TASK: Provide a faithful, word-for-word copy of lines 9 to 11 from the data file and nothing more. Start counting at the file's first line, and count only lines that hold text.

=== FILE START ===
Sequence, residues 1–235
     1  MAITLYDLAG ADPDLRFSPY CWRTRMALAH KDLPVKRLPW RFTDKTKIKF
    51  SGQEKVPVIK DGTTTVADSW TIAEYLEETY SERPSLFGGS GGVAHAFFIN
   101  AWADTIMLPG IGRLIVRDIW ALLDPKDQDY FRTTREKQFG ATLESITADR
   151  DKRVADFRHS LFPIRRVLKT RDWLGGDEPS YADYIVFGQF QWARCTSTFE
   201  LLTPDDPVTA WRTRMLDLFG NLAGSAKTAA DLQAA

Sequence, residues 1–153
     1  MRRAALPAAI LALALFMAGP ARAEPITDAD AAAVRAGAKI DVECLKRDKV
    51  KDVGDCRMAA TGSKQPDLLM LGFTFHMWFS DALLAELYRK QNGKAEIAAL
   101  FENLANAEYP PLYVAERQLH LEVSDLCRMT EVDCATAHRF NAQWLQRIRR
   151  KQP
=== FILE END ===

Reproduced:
    51  KDVGDCRMAA TGSKQPDLLM LGFTFHMWFS DALLAELYRK QNGKAEIAAL
   101  FENLANAEYP PLYVAERQLH LEVSDLCRMT EVDCATAHRF NAQWLQRIRR
   151  KQP